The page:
In a few months, stifling summer heat will create booming demand for power, which, analysts say, leaves Japan facing a stark choice: restart the reactors or begin investing in a long and expensive switch to alternative energy.

You May Like

Hezbollah Chief Says Does Not Want War But Ready for One

VOA's Jerusalem correspondent reports that with an Israeli election looming and Hezbollah's involvement in Syria, neither side appears interested in a wider conflict More

Multimedia VOA SPECIAL REPORT: Despite Danger, Best US Minds Battle Deadly Virus

Scientists at America's premier biological research center race in military confinement to find effective drugs, speedier tests and a safe vaccine amid the deadliest outbreak of Ebola in history More

Kurdish Poet Battles to Defend Language, Culture

Kawa Nemir's work is an example of what he sees as an irreversible cultural and political assertiveness among Kurds in Turkey More

This forum has been closed.
Comments
     
There are no comments in this forum. Be first and add one

Featured Videos

Your JavaScript is turned off or you have an old version of Adobe's Flash Player. Get the latest Flash player.
Egypt's Suez Canal Dreams Tempered by Continued Unresti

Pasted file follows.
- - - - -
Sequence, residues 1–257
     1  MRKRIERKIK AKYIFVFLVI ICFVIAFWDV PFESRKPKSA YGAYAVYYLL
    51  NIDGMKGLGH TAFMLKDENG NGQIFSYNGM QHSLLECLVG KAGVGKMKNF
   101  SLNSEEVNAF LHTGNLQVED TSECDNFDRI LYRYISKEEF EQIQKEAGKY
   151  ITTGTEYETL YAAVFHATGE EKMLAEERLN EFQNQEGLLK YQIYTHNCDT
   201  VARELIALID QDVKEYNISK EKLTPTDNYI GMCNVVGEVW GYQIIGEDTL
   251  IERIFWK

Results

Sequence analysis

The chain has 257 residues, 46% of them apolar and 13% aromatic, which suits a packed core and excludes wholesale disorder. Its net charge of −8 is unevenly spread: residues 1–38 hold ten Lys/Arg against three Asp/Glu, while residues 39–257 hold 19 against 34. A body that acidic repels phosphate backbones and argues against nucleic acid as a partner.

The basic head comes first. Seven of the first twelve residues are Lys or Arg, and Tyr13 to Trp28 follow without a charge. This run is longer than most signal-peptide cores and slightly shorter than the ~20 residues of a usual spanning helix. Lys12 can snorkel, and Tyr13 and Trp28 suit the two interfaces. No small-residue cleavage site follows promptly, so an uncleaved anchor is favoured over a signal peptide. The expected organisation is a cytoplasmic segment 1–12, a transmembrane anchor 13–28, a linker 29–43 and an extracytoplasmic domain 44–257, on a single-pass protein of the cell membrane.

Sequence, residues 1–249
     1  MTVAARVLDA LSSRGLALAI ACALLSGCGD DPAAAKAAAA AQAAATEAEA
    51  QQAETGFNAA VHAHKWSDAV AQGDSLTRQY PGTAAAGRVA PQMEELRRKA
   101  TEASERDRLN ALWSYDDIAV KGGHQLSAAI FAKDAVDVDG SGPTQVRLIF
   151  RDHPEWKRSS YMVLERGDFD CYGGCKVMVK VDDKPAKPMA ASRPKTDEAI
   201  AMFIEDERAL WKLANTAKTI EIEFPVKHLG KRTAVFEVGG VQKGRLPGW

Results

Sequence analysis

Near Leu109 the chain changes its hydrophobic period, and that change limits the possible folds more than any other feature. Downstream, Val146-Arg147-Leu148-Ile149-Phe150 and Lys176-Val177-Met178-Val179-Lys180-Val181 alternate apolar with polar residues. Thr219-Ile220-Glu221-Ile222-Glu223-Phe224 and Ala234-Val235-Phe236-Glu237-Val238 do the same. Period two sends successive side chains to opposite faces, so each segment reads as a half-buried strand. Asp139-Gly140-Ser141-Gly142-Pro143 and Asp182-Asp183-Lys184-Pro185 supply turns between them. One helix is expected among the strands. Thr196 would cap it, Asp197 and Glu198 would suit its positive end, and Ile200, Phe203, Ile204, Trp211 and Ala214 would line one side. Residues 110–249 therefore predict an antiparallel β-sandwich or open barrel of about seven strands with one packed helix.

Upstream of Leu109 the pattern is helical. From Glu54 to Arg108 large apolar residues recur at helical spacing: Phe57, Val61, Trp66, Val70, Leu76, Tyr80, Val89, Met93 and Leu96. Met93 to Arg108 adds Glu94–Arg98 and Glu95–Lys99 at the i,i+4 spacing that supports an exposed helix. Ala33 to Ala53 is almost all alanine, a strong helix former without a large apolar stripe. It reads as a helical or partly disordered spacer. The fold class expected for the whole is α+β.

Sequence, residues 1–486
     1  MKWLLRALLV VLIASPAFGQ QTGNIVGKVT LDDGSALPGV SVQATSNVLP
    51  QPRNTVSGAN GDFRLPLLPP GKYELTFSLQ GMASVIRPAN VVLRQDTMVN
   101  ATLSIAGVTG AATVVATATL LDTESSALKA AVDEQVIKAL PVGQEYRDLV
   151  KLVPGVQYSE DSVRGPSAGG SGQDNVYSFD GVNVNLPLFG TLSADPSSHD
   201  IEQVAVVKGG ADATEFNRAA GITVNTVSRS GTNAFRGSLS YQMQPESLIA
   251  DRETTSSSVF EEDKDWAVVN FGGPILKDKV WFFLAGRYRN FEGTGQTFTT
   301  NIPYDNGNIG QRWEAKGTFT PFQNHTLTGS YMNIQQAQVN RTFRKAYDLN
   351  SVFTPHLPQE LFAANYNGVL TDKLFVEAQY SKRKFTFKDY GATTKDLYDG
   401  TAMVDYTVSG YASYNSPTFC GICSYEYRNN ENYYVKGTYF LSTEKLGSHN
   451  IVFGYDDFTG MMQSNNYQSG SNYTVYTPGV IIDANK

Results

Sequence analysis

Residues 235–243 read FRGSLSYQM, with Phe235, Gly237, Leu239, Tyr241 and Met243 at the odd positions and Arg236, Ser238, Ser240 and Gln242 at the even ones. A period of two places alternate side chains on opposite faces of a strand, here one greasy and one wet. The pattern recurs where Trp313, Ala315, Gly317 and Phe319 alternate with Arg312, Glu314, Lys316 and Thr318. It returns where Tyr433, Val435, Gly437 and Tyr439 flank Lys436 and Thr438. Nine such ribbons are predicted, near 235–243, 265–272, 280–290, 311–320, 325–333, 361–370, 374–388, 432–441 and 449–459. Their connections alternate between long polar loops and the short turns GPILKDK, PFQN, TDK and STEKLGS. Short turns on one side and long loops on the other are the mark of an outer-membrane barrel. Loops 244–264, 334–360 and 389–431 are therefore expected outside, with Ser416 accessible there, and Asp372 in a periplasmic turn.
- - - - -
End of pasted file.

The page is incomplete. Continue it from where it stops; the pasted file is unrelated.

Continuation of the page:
X
Heather Murdock
January 30, 2015 8:00 PM
Egypt plans to expand the Suez Canal, raising hopes that the end of its economic crisis may be in sight. But some analysts say they expect the project may cost too much and take too long to make life better for everyday Egyptians. VOA's Heather Murdock reports.
Video

Video Egypt's Suez Canal Dreams Tempered by Continued Unrest

Egypt plans to expand the Suez Canal, raising hopes that the end of its economic crisis may be in sight. But some analysts say they expect the project may cost too much and take too long to make life better for everyday Egyptians. VOA's Heather Murdock reports.
Video

Video Threat of Creeping Lava Has Hawaiians on Edge

Residents of the small town of Pahoa on the Big Island of Hawaii face an advancing threat from the Kilauea volcano. Local residents are keeping a watchful eye on creeping lava. Mike O’Sullivan reports.
Video

Video Pro-Kremlin Youth Group Creatively Promotes 'Patriotic' Propaganda

As Russia's President Vladimir Putin faces international pressure over Ukraine and a failing economy, unofficial domestic groups are rallying to his support. One such youth organization, CET, or Network, uses creative multimedia to appeal to Russia's urban youth with patriotic propaganda. VOA's Daniel Schearf reports.
Video

Video Mobile Infrared Scanners May Help Homeowners Save Energy

Mobile photo scanners have been successfully employed for navigational purposes, such as Google Maps. Now, a group of scientists from the Massachusetts Institute of Technology says the same technology could help homeowners better insulate their houses and save some money. VOA’s George Putic has more.
Video

Video Filmmakers Produce Hand-Painted Documentary on Van Gogh

The troubled life of the famous 19th century Dutch painter Vincent van Gogh has been told through many books and films, but never in the way a group of filmmakers now intends to do. "Loving Vincent " will be the first ever feature-length film made of animated hand-painted images, done in the style of the late artist. VOA’s George Putic reports.